Since Donald Trump fired Secretary of State Rex Tillerson last week, foreign policy talk in Washington has centered around the president’s nomination of a replacement—and how the Iran nuclear deal will fare under this new pair. Of course, CIA director Mike Pompeo might not even win confirmation to become secretary of state. The Republicans hold just a one-member majority in the Senate, and one Republican senator—Kentucky’s Rand Paul—has already declared he won’t vote for Pompeo. But a Democratic senator who voted against confirming Pompeo as CIA director has indicated an openness to voting for him...
Since Donald Trump fired Secretary of State Rex Tillerson last week, foreign policy talk in Washington has centered around the president’s nomination of a replacement—and how the Iran nuclear deal will fare under this new pair. Of course, CIA director Mike Pompeo might not even win confirmation to become secretary of state. The Republicans hold just a one-member majority in the Senate, and one Republican senator—Kentucky’s Rand Paul—has already declared he won’t vote for Pompeo. But a Democratic senator who voted against confirming Pompeo as CIA director has indicated an openness to voting for him now—and he did so at a lunch heralding the Iranian resistance.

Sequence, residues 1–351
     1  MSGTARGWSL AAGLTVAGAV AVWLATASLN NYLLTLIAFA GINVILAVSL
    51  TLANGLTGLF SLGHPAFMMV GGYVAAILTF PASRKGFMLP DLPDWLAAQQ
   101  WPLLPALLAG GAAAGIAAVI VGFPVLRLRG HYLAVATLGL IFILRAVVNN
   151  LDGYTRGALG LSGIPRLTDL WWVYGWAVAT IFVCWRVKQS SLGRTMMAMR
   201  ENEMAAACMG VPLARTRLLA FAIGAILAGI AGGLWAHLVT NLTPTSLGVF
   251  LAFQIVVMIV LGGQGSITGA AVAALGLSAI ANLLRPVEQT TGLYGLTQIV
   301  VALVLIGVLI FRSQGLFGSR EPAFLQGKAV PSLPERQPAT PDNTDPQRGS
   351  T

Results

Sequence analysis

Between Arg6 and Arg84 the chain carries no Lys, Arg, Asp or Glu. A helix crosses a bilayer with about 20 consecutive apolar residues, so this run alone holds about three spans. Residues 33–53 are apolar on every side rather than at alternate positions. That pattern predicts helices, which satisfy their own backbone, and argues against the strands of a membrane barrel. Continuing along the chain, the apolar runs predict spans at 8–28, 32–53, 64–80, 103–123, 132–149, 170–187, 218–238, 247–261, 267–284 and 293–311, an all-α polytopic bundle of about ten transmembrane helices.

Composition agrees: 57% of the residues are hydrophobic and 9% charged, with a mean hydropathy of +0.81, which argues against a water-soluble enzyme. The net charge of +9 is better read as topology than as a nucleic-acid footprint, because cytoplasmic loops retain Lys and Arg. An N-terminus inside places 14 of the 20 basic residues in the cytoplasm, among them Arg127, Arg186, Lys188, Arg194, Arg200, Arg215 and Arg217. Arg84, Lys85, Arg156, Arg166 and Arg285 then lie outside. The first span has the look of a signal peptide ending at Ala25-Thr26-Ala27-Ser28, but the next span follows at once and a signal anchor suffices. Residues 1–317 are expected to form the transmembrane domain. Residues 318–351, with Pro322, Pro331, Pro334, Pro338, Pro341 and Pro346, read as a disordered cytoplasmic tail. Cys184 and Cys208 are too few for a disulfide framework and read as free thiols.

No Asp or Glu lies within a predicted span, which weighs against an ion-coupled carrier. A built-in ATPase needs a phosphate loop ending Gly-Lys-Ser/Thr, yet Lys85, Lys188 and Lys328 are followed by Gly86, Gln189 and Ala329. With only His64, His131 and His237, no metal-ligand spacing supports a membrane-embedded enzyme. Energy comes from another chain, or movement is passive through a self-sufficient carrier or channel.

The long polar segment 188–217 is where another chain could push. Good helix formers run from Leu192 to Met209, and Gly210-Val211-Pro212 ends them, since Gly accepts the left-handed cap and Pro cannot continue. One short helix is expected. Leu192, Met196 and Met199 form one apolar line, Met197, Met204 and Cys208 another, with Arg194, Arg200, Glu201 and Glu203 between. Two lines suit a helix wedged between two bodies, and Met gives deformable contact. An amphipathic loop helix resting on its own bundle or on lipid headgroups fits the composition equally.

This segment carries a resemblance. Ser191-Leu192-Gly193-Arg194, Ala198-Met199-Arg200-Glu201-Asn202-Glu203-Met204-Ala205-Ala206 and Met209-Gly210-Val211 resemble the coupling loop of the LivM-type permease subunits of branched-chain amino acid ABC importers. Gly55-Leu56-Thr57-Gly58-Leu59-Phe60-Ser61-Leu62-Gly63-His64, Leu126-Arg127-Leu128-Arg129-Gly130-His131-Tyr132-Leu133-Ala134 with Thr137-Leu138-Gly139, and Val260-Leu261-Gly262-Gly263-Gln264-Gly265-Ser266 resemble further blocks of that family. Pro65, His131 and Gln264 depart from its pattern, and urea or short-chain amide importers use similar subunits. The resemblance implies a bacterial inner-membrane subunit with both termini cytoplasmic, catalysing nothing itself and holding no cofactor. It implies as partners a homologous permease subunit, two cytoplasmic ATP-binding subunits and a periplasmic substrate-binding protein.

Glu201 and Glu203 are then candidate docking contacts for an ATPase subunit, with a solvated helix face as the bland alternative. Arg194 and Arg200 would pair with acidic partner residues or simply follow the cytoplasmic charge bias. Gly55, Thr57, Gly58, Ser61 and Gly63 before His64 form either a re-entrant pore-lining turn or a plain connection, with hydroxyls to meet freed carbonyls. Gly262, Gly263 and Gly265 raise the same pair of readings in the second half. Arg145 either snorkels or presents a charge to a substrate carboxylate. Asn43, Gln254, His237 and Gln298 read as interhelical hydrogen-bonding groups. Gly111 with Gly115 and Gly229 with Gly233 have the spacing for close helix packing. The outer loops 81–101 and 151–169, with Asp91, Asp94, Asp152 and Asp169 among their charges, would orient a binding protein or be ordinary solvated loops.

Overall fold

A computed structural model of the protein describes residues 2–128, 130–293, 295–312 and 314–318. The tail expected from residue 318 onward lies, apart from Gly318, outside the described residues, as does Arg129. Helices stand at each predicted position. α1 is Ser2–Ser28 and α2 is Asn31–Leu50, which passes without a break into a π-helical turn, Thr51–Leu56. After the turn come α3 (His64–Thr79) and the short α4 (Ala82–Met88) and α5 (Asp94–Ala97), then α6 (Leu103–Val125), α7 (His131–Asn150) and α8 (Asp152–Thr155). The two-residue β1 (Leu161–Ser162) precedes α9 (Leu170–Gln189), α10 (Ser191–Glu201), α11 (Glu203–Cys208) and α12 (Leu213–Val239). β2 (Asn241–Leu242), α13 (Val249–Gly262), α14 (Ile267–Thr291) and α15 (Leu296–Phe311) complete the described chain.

Ben Cardin, Maryland Democratic senator and member of the Senate Foreign Relations Committee, was one of a handful of speakers at “Iran Uprising, Harbinger of a Free Iran,” a lunch held last week in a Senate office building, sponsored by the Organization of Iranian-American Communities and its Arkansas chapter. He addressed the ongoing protests in Iran, which began in December and continue to call for an end to the country’s nearly 40-year-old theocracy. “When we stand up and speak out on behalf of rights, we don’t have to worry about someone coming knocking on our door arresting us or torturing us. That’s not true in Iran today,” Cardin noted. “Yes, we have an agreement with Iran with regards to their nuclear responsibilities, and we can argue whether that agreement was strong enough or not strong enough, should we modify it now or not modify it. I’m involved in some of those discussions. But one thing is clear, Iran is violating international norms on how it treats its own people, and that that is actionable,and the United States must be in the leadership to protect the rights of the people of Iran.”